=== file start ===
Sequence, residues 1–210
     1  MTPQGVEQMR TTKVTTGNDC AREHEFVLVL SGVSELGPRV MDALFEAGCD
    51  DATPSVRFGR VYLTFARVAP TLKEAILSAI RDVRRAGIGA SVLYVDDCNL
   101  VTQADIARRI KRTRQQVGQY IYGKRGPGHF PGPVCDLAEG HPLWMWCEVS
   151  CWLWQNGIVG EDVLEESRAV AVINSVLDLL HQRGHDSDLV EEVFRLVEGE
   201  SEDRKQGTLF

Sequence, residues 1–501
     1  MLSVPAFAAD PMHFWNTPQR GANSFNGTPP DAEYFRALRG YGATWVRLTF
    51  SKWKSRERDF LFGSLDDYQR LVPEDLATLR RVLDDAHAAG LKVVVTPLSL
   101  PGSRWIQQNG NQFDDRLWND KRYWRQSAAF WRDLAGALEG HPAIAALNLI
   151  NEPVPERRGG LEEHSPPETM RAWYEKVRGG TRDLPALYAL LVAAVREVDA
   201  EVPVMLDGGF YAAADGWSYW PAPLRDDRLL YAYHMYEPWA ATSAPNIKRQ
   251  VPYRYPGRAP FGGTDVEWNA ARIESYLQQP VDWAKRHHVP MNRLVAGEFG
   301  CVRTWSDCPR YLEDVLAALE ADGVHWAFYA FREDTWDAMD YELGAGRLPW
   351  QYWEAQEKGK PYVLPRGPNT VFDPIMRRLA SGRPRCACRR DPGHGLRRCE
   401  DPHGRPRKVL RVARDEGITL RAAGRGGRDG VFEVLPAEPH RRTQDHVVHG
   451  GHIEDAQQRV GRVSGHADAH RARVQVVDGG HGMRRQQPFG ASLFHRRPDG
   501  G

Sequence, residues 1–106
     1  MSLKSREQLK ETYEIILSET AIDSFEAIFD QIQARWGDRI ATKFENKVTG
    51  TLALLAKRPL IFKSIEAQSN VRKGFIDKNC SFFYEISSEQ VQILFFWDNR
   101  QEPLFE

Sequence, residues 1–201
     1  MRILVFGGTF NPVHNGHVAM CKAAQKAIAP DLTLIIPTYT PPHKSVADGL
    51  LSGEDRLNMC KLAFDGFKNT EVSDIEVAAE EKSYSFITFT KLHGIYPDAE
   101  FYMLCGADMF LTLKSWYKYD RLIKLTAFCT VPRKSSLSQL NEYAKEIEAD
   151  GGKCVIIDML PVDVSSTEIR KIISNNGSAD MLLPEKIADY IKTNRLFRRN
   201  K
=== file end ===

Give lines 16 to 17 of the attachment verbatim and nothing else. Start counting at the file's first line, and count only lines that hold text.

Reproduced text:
   401  DPHGRPRKVL RVARDEGITL RAAGRGGRDG VFEVLPAEPH RRTQDHVVHG
   451  GHIEDAQQRV GRVSGHADAH RARVQVVDGG HGMRRQQPFG ASLFHRRPDG